compared with
Current by Ethan Lively
on Sep 03, 2019 09:07.

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In this case, memory fragmentation can be responsible for our memory allocation request being denied by the Linux Kernel. There are not enough contiguous pages to allocate. This can happen on servers with longer uptimes, usually with high or varying usage by database engines and applications. {kb-resolution}
Rebooting The recommended solution is to reboot the protected machine system, which should allow the module to load before the memory becomes fragmented. NOTE: This behavior can return after a reboot if the memory becomes fragmented to a point where our memory allocation request is denied

*Additional Info*:
If rebooting the system is absolutely out of the question, it is also possible to work around this issue by compacting the memory and clearing the caches. This is only intended to be used as a last resort, as it can affect performance temporarily as resources are reloaded into the cache, and can cause high disk I/O if a high number of users or processes are suddenly accessing the disk while the cache is re-populated.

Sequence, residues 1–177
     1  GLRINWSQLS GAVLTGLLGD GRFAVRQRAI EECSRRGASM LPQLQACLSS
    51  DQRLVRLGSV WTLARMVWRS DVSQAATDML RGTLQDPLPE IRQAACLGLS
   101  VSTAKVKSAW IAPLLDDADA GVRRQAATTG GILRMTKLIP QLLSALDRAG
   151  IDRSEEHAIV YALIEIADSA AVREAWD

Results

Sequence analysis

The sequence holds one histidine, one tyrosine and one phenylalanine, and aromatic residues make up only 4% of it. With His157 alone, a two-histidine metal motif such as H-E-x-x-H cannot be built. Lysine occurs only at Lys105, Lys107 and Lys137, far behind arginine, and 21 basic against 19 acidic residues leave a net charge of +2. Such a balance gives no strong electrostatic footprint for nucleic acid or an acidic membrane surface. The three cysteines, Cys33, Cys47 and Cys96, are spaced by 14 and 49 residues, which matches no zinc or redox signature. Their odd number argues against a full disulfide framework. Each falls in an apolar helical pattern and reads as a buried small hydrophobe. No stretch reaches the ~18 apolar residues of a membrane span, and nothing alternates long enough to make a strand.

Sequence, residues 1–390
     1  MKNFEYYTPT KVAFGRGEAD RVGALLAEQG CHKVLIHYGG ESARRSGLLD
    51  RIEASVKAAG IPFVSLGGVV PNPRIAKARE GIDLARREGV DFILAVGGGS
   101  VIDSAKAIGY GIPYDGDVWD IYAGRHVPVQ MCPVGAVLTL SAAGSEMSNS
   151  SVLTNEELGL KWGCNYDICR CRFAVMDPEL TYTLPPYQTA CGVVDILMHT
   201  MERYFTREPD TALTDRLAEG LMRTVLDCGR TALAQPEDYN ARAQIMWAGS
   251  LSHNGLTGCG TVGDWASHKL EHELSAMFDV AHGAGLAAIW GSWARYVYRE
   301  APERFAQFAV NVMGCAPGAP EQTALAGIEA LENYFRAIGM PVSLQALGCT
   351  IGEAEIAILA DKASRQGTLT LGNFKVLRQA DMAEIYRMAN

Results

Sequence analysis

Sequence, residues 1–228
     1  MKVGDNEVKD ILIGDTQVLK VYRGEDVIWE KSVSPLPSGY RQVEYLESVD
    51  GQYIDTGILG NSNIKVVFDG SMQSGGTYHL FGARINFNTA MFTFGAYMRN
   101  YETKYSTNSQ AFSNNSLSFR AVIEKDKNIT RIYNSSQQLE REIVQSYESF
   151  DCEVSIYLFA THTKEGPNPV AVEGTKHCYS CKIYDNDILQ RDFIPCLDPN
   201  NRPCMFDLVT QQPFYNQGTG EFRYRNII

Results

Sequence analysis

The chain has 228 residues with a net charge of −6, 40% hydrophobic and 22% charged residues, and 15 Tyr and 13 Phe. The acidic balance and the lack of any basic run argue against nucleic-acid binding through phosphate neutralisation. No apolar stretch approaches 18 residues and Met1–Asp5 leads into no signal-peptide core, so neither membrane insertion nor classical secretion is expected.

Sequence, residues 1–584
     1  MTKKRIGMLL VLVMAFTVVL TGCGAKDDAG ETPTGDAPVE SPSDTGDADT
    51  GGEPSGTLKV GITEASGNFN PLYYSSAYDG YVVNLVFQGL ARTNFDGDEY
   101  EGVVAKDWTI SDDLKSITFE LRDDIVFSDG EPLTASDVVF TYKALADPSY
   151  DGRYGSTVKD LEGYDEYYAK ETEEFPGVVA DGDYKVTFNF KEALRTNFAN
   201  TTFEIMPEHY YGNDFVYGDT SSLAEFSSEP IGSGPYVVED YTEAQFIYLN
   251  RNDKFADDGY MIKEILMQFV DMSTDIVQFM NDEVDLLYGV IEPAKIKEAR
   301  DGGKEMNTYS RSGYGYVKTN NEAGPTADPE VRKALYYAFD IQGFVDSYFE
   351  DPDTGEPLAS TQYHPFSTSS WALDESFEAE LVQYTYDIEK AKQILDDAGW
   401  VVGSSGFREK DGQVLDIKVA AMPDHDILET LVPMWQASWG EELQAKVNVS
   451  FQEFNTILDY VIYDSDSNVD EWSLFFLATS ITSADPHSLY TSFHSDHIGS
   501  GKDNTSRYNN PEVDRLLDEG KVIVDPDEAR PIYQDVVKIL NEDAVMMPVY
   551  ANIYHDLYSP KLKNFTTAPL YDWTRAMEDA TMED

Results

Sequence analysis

Compact memory with:

{code}# sync; echo 1 > /proc/sys/vm/compact_memory{code}

Clear the disk-cache with:

{code}# sync; echo 1 > /proc/sys/vm/drop_caches{code}


echo 1: Clears PageCache only
echo 2: Clears dentries and inodes
echo 3: Clears PageCache, dentries and inodes.

Start with level 1, as this option has the least impact, and only move up to higher levels if necessary.
WARNING : The 3rd option is not recommended for use in production. Please use caution when selection this option.

Lastly, restart the agent:

{code}# service cdp-agent restart{code}